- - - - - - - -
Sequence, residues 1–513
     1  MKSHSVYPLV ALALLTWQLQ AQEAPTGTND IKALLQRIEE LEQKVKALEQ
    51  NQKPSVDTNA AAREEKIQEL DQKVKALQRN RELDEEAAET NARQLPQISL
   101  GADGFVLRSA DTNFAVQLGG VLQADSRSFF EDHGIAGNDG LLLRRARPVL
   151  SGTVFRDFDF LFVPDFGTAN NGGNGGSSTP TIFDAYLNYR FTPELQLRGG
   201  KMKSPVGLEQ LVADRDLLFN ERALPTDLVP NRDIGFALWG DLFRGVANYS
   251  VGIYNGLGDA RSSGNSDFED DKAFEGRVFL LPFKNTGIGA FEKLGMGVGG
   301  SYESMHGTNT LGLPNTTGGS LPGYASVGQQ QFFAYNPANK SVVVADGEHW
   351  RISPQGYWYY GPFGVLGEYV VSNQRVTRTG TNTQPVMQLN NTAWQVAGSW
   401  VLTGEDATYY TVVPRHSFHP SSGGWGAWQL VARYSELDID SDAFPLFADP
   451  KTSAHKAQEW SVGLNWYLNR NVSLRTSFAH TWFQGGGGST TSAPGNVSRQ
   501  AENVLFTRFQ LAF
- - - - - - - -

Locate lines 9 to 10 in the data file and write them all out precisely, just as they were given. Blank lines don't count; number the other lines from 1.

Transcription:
   351  RISPQGYWYY GPFGVLGEYV VSNQRVTRTG TNTQPVMQLN NTAWQVAGSW
   401  VLTGEDATYY TVVPRHSFHP SSGGWGAWQL VARYSELDID SDAFPLFADP